Our Public Lands Story
The 1964 Wilderness Act established a National Wilderness Preservation System of federal lands “where the earth and its community of life are untrammeled by man, where man himself is a visitor who does not remain.” The act designated 54 wilderness areas with 9.1 million acres within the national forests and reserved to Congress the authority to add areas to the system. Congress has enacted 117 subsequent statutes designating wilderness areas (including one with 16 wilderness-related subtitles) and 8 other statutes requiring wilderness study or otherwise significantly affecting wilderness areas. Many of these statutes provide management direction for designated areas that differs from the Wilderness Act provisions. As of December 31, 2010, the system totaled 759 wilderness areas with 109.7 million acres of federal land.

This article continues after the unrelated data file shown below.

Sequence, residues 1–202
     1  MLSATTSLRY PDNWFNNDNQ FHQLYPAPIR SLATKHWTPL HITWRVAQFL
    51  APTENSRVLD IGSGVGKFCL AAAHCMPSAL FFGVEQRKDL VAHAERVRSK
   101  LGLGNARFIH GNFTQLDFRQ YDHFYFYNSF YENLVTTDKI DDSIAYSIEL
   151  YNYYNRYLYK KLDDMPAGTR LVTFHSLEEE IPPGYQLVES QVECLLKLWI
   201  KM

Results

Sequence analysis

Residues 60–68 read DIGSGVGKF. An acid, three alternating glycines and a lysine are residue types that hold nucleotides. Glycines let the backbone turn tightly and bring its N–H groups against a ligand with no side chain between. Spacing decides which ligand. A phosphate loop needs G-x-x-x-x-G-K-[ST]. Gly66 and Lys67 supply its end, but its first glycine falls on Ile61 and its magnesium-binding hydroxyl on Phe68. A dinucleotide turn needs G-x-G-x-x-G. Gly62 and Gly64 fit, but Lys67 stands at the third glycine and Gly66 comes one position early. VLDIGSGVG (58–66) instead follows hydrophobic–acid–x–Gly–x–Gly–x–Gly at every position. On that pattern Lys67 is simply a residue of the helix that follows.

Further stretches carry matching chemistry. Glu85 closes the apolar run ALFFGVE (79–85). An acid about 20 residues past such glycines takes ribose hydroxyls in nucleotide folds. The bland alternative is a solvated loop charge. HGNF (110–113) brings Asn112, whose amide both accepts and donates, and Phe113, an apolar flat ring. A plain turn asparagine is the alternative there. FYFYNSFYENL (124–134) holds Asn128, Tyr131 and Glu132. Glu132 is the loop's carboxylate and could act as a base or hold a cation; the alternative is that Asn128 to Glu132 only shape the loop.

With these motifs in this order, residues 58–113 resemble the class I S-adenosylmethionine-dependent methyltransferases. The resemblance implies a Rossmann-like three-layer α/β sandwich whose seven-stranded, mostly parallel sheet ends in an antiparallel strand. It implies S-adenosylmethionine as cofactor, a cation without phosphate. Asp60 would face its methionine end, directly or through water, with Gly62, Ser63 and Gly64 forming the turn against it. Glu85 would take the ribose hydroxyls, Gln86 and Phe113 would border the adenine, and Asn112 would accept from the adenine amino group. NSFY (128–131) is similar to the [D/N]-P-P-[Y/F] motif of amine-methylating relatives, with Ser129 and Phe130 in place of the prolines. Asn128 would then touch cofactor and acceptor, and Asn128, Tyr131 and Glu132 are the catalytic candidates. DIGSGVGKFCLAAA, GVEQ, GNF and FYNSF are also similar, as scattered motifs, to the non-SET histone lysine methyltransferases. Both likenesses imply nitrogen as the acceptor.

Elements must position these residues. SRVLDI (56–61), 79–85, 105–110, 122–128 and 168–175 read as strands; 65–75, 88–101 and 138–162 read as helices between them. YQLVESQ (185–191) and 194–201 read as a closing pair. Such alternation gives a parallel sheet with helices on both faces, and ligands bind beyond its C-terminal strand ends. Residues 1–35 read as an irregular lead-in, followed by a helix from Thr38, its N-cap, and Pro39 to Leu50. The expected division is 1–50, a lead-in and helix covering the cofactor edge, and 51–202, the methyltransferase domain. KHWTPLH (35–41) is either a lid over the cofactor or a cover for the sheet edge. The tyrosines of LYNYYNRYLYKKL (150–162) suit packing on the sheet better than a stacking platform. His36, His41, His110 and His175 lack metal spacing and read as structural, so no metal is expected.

Below are a collection of documents relating to Public Lands Law & Policy, as well as the History of our Public Lands.
Law & Policy
Wilderness Laws: Statutory Provisions and Prohibited and Permitted Uses – A Congressional Research Service report February 2012
The National Trails System: What It Is and How It Came To Be – A history by Thomas Gilbert of the National Park Service.
Definitions of Special Management Areas for Federal Public Land – This describes the types of land management that are applied to federal lands under a variety of regulations and prescriptions.